Bruce Hodges hears the performance of Mendelssohn, Webern and Skoryk at the Perelman Theater in Philadelphia’s Kimmel Center on 17 October 2022
The second movement of Mendelssohn’s String Quartet in E minor op.44 no.2 is peppered with tiny sizzling tremolos, which in this reading by the Jerusalem Quartet seemed apt embodiments of the group’s energy level. The rest of the score – even the Andante that followed – was imbued with similar passion. Though the ticklish finale might have seemed initially daringly fast, by the time the musicians reached the end, well, perhaps it wasn’t fast enough, especially given the technical expertise on display. Some in the audience were moved to stand, and many in the large audience were vocal in their approval.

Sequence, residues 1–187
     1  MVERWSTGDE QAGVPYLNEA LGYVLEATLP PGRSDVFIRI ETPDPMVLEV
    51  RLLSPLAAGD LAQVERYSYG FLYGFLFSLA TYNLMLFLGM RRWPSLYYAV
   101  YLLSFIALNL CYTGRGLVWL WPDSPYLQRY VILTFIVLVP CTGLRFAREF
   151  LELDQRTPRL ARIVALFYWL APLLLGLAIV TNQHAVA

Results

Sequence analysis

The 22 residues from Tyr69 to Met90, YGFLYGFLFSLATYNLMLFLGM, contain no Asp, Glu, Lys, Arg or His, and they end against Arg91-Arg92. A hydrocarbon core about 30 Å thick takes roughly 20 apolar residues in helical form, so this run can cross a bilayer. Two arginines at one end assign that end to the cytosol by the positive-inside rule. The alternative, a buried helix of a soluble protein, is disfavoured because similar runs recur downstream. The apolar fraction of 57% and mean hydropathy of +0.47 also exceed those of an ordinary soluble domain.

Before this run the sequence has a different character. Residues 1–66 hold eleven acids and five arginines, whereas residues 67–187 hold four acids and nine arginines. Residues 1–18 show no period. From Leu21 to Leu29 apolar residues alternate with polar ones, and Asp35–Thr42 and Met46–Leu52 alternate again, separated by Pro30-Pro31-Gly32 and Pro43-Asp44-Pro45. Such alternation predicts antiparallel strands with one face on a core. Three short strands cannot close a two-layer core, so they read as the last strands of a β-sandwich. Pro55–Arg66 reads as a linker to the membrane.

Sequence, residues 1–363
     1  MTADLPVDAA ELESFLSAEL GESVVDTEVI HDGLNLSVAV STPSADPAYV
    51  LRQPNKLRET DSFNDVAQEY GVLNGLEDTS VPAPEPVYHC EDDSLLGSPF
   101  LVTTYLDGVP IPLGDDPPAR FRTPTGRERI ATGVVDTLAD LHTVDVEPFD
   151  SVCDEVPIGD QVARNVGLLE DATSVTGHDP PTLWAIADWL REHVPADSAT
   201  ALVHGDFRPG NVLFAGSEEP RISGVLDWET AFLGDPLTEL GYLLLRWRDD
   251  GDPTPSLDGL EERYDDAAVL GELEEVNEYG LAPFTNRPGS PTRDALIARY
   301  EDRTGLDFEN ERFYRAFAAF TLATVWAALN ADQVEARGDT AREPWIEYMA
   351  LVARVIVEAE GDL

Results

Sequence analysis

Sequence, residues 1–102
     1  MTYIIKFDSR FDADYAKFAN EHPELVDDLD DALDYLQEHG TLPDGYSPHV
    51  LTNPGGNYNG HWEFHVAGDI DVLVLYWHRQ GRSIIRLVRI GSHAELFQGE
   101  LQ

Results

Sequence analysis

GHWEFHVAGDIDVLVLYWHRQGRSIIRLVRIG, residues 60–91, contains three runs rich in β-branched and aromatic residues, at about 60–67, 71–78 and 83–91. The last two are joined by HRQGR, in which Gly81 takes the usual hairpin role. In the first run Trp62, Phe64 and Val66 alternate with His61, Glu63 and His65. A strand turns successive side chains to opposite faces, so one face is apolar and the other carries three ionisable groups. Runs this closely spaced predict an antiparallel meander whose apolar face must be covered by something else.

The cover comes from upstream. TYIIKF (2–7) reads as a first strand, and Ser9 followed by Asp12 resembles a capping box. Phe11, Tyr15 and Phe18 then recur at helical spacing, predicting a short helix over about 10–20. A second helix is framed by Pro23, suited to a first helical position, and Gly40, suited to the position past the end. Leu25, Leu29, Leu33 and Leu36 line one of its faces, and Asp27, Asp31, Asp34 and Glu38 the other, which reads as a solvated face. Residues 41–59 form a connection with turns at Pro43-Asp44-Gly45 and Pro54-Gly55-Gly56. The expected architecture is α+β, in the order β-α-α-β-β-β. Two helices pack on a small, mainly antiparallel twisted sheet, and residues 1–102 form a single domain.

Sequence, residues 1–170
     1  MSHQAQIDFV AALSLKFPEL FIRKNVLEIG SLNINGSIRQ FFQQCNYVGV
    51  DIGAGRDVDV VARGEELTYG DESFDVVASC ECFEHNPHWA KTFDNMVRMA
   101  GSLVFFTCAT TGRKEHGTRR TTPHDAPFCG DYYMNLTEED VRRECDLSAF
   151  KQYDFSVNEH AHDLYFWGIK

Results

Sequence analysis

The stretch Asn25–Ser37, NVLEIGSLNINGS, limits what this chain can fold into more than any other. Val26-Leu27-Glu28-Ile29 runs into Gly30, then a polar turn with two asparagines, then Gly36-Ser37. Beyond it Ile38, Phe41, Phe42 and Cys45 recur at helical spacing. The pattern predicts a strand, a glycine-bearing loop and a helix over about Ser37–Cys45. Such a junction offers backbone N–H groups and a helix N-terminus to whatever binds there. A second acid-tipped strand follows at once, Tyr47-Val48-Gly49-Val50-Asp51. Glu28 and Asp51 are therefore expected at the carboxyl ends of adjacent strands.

Webern’s single-movement Langsamer Satz made a luxurious contrast, with the foursome revealing the work’s sensual arc. But despite the idyll, you could sense that the ensemble was eager to rev up the intensity once again, which it duly did in Tchaikovsky’s String Quartet in D major, done with Mozartian vigour and panache. The Andante emerged as the evening’s prayer, as hushed as could be wished for, but surrounded by veritable fountains of colour in the outer movements. In the finale’s closing sequences, the penultimate, deceptively quiet bars were beautifully timed – hesitant and languorous – leading to the unbridled romp of the final moments.
As an encore, the group offered Melody by the Ukrainian composer Myroslav Skoryk (1938–2020), as a sober tribute to the birthplace of the quartet’s two violinists, and an acknowledgement of the sorrowful daily news as the war lingers on.
Photo: Felix Broede